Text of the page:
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How to Deliver Impactful, Effective Training in a Hybrid Setting


Fri Nov 05 2021

How to Deliver Impactful, Effective Training in a Hybrid Setting

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The last 18 months have upended the way we work, interact, and train. Increasingly, Mandel’s clients are coming to us to deliver “hybrid training,” where some portion of the group is together in person and others (possibly even the trainer) are not.

Even if you think you don’t need to plan for hybrid training, our clients find they do. Now that people are used to work-from-home flexibility, there’s an increased chance that someone you expect to attend your training in person simply won’t. You need to be ready for accidents disrupting commutes, sick family members, or something else to cause people to attend training virtually.


Numerous different combinations of hybrid scenarios exist. Each brings its own nuanced set of challenges. However, we’ve found a core set of best practices that up-level the experience in any hybrid training experience.

Practice, Practice, Practice

Practice in the space you’ll be in with the technology you’ll be using. Determine how to get technical support during the event. Depending on your setup, practice may include working with:


  • Can remote participants see in-room participants and visa-versa?

  • How far can you move and still be seen?

  • Where do you need to look to make eye contact with the remote audience?


  • Are there enough?

  • How is the sound?


  • Can remote participants see the slides, whiteboard, and other visuals?

Other technology

  • Will you use collaboration tools, displays, or other features?

Modify Your Delivery Skills

Maintaining engagement can be trickier with hybrid training. Here are tips to keep everyone interested and participating equally:

  • Make eye contact with remote participants. Treat the camera as a person in the room. Make regular eye contact with in-person participants and the camera.

  • Move as appropriate. Stand up and move around, if possible. This adds a dynamic, natural energy.

  • Know your content inside and out. When you do, you can focus on your voice, presence, and effective pausing.

Establish Etiquette and Rules of Engagement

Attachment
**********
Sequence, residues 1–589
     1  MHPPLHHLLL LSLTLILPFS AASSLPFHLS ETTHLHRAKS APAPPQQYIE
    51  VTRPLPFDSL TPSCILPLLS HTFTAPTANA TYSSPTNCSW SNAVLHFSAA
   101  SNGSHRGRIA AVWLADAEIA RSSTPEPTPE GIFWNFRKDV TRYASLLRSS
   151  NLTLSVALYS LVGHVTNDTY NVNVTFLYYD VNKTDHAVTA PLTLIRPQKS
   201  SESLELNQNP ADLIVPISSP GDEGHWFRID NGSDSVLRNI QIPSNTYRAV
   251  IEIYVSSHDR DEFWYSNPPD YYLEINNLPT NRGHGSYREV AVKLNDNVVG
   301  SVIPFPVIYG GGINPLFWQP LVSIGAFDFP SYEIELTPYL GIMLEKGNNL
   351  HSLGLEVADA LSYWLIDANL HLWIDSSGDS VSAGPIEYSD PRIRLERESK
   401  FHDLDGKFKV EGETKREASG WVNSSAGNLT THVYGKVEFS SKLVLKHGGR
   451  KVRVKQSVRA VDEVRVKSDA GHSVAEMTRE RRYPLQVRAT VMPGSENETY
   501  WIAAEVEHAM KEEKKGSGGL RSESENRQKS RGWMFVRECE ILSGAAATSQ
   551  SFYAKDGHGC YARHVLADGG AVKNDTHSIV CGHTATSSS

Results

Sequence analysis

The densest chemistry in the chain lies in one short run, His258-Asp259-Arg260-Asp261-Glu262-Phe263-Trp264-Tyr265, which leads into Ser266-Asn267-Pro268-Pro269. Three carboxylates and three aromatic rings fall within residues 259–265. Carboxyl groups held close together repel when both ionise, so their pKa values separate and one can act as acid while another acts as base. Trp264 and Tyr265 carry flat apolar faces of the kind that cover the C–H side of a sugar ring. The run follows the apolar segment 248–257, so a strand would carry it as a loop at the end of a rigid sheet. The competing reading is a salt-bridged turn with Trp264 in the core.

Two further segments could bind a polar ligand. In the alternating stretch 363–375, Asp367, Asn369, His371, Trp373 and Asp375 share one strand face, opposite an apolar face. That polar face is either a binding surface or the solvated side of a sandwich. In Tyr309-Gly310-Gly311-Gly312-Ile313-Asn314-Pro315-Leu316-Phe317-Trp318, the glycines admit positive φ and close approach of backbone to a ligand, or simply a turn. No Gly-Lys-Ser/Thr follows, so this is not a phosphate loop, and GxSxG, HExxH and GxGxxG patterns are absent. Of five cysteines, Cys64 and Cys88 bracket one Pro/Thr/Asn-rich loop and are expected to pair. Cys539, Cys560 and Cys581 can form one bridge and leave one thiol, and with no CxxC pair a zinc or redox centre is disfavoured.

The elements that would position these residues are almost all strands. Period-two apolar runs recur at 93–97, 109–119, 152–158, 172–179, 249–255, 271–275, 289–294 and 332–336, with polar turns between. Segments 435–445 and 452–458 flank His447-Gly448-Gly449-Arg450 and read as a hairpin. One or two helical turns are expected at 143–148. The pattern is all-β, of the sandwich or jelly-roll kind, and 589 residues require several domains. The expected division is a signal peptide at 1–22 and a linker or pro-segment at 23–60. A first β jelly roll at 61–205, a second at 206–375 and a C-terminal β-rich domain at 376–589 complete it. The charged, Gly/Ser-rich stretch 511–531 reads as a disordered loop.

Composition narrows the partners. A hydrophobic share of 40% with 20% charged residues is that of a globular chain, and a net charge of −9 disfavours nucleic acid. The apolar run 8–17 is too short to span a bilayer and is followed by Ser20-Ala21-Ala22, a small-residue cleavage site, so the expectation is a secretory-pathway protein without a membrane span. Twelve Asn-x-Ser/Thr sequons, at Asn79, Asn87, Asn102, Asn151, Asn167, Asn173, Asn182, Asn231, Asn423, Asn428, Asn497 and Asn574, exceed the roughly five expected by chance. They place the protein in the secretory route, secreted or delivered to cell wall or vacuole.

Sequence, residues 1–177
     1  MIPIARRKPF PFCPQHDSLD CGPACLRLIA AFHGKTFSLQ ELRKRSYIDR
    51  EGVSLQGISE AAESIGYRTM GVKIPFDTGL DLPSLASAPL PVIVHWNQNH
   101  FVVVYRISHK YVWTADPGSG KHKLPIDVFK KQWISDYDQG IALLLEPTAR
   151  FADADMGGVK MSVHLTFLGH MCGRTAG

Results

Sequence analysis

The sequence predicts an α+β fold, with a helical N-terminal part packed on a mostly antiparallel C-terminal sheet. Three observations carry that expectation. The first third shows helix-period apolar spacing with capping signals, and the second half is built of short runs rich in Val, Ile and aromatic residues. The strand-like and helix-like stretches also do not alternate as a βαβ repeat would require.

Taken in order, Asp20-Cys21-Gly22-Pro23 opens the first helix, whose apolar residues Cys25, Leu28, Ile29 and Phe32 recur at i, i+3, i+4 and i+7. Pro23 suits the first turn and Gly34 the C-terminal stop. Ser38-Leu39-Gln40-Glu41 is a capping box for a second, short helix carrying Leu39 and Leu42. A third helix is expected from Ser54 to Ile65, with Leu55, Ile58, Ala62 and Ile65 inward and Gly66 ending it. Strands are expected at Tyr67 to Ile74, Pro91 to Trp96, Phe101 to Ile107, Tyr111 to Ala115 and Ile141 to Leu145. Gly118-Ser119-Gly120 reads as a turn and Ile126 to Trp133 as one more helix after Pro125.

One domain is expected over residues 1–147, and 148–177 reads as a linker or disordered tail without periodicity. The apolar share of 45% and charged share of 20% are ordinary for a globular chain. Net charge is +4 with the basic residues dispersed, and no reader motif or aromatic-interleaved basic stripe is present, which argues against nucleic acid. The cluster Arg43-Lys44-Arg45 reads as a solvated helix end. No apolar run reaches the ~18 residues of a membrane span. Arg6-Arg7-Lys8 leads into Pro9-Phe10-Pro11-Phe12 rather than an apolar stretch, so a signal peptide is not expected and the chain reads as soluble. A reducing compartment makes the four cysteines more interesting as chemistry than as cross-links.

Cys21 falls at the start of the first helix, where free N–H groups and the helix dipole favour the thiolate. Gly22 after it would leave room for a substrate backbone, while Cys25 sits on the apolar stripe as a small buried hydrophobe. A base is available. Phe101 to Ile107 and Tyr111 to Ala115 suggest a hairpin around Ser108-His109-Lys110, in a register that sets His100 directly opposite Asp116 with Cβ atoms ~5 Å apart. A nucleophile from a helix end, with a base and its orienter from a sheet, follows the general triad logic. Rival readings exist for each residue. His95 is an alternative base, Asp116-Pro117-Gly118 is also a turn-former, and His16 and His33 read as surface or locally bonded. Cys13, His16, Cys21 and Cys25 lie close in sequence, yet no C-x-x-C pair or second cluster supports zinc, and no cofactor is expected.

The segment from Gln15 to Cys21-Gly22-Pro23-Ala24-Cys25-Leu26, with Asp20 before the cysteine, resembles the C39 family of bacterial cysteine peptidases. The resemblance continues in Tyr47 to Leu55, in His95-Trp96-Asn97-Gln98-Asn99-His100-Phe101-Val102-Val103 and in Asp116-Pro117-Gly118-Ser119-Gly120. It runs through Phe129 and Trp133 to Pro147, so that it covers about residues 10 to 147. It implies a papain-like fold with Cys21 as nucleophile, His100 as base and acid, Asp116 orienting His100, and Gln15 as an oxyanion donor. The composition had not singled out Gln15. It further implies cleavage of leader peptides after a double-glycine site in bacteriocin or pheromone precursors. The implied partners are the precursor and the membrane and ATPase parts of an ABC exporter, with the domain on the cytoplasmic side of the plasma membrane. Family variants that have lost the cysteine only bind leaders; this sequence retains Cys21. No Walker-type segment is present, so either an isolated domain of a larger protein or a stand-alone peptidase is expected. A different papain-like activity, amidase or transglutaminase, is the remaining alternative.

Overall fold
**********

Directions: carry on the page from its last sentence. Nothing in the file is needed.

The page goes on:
As with any meeting, knowing what’s expected and how to connect is critical.

  • Tell participants how to participate. At the start, let them know how they should share. Should participants verbally share their insights and ideas or use virtual tools? Examples include: “During this meeting, will those of you in X location and those of you here, please…” or “Whether you’re participating remotely or are here in the room, please...” and “For all remote attendees, please turn on your cameras.”

  • Request that each participant state their name when they speak. This helps everyone, including you.

  • When valuable sidebar conversations or comments occur, repeat them so everyone can hear.

  • Engage remote participants regularly.

  • Call on remote participants first. When you do, pause longer than usual so you don’t speak over them.

  • Check in frequently. Ask about your pace and volume and whether they can see the visuals or have any questions or comments.

  • When calling on someone, start with their name. This helps tee them up to answer.

  • Keep track of how often each person contributes. Call on those who haven’t said as much.

The great news? With a bit of extra attention and practice, you and your team can master the nuances of delivering hybrid training that’s as effective and impactful as in-person training. Focusing on a few key aspects of your setup and delivery can help you take advantage of this new training mode—one that’s quickly becoming the norm.

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